I. PRODUCT IDENTIFICATION
Manufacturer/Supplier: MiniScience Inc. (ChemicalStore.com)
1059 Main Avenue, Clifton, NJ 07011
Tel: (973) 405-6248
Trade Name: Nickel
Chemical Nature: Metallic Element
CAS #: 7440-02-0
II. HAZARDOUS INGREDIENTS
Hazardous Component: Nickel
OSHA/PEL: 1.0 mg/m3
ACGIH/TLV: 1.5 mg/m3
HMIS Ratings(Solid Forms): Health: 0 Flammability: 0 Reactivity: 0
HMIS Ratings(Powder): Health: 1 Flammability: 3 Reactivity: 1
III. PHYSICAL DATA
Boiling Point 760 mm Hg: 2730 oC
Melting Point: 1453 oC
Specific Gravity: 8.9 g/cm3
Solubility in H2O: Insoluble
Vapor Pressure: N/A
Vapor Density: N/A
Appearance and Odor: Silvery grey metal, no odor.
IV. FIRE AND EXPLOSION HAZARDS DATA
Flash Point (Method used): N/A
Autoignition Temperature: N/A
Flammable Limits: Upper: N/A
Extinguishing Media: Non-flammable in form of metal pieces, wire or foil. If involved in a fire use dry sand, dry ground Dolomite, dry chemical extinguishing agents.
Special Fire Fighting Procedures: If involved in a fire wear NIOSH/MSHA approved self-contained breathing apparatus, flame and chemical resistant protective clothing, hat, gloves and boots. If without risk move material out of fire area.
Unusual Fire & Explosion Hazard: Flammable only in dust or powder form.
V. HEALTH HAZARD INFORMATION
Effects of Exposure:
Under normal handling and use, exposure to massive forms of nickel presents few health hazards. If, however, massive forms are converted to particulates, then both acute and chronic health hazards are possible. Nickel is a confirmed carcinogen with experimental carcinogenic, neoplastigenic, tumorigenic and teratogenic data. Poison by ingestion, intratracheal, intraperitoneal, subcutaneous and intravenous routes. An experimental teratogen. Ingestion of soluble salts causes nausea, vomiting and diarrhea. Hypersensitivity to nickel is common and can cause allergic contact dermatitis, pulmonary asthma, conjunctivitis and inflammatory reactions around nickel containing medical implants and prosthesis (Sax, Dangerous Properties of Industrial Materials, eighth edition).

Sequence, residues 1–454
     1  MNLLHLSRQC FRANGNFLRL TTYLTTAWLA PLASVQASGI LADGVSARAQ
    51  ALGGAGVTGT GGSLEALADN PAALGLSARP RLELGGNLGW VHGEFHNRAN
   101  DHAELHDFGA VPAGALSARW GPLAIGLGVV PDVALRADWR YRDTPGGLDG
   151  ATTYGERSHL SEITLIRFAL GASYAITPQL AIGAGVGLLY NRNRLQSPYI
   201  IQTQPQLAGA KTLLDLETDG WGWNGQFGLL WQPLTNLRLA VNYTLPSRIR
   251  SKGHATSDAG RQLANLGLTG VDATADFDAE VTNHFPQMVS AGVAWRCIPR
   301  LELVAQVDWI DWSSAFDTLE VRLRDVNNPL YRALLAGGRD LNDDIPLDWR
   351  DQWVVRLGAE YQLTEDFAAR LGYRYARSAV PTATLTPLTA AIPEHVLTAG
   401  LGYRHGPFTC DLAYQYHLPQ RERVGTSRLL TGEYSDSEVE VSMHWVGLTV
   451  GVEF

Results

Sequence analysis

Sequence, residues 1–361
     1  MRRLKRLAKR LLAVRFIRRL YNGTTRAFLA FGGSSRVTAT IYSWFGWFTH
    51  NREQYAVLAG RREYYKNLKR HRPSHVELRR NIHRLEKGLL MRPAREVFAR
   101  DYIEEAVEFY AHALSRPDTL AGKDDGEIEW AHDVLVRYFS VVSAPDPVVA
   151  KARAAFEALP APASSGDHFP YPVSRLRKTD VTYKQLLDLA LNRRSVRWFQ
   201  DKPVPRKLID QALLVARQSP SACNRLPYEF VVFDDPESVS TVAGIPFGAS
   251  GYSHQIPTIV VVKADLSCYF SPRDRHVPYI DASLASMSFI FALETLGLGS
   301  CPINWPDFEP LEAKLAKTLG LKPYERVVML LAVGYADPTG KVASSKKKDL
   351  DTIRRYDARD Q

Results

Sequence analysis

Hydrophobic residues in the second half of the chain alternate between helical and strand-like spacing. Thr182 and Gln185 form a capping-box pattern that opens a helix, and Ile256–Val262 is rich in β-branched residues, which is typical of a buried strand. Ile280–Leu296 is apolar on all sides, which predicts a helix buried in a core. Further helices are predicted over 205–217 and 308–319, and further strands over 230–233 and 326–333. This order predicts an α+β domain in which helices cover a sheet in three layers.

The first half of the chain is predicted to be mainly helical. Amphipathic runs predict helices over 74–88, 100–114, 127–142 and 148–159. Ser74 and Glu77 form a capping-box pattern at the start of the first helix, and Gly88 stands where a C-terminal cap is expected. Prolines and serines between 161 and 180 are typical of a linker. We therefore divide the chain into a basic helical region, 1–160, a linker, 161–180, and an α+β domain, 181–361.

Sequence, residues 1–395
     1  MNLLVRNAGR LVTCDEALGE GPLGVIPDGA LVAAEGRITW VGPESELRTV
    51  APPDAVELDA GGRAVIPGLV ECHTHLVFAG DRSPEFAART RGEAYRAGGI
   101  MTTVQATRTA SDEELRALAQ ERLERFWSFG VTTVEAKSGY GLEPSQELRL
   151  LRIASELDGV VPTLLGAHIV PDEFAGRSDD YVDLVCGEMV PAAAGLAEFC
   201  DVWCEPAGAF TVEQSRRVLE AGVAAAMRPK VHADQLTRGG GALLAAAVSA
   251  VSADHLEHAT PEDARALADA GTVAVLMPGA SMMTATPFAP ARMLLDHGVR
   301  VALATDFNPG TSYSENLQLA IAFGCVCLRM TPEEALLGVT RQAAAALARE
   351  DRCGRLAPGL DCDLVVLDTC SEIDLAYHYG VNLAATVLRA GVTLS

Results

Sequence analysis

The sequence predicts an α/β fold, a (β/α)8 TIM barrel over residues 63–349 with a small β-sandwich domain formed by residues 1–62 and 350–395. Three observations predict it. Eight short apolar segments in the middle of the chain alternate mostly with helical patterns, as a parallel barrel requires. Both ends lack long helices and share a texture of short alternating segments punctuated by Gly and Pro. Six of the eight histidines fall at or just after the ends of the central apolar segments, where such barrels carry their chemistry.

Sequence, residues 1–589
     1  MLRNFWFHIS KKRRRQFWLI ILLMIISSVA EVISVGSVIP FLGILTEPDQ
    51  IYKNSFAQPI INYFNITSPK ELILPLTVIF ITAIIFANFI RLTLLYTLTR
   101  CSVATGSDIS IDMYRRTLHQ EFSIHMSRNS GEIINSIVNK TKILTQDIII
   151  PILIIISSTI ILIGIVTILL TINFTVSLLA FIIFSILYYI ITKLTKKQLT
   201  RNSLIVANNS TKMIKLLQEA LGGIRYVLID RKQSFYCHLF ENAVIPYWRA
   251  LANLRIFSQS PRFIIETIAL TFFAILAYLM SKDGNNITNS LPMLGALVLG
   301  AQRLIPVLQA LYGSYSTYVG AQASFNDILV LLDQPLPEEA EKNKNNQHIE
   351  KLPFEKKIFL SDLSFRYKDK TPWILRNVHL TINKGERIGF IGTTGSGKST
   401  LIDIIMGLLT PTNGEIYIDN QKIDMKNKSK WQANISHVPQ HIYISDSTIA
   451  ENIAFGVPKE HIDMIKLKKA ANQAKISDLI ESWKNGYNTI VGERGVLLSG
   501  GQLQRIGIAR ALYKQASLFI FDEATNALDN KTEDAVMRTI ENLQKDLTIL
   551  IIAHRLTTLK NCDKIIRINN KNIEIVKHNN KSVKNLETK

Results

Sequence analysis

Inhalation: Rare cases of asthma have been reported in individuals exposed to some forms of particulates containing nickel, particularly in the nickel sulfate form. Respiratory sensitization is possible in susceptible individuals.
Ingestion: This is not a normal route of entry. Nickel has a low oral toxicity.
Skin: Prolonged exposure to nickel may cause contact dermatitis or other allergic reactions, especially in sensitive individuals. Although contact with massive forms of nickel could cause dermatitis it is the finer powders which are the main hazard, especially in association with a moist environment.
Eye: Particulates containing nickel may cause irritation due to mechanical effects.
Carcinogenicity: NTP: Yes IARC: Yes OSHA: Yes NIOSH: No
EMERGENCY AND FIRST AID PROCEDURES:
INHALATION: Remove to fresh air. If breathing does not improve, administer oxygen and contact a physician.
INGESTION: If large amounts are ingested, induce vomiting only if conscious and contact a physician.